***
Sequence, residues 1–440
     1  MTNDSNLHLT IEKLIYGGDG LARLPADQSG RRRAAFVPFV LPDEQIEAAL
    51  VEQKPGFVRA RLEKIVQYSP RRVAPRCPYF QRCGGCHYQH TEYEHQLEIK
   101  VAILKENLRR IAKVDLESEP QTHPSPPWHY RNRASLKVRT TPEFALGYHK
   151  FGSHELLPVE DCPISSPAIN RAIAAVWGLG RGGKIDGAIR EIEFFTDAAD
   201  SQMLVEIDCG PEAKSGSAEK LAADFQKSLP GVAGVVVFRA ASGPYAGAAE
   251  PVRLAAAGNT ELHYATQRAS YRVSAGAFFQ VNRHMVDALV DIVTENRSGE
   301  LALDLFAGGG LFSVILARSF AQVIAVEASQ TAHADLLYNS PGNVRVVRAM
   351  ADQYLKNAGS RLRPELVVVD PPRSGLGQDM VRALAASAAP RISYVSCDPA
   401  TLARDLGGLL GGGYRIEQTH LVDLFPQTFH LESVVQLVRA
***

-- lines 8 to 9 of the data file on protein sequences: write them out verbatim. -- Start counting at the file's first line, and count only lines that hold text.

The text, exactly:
   301  LALDLFAGGG LFSVILARSF AQVIAVEASQ TAHADLLYNS PGNVRVVRAM
   351  ADQYLKNAGS RLRPELVVVD PPRSGLGQDM VRALAASAAP RISYVSCDPA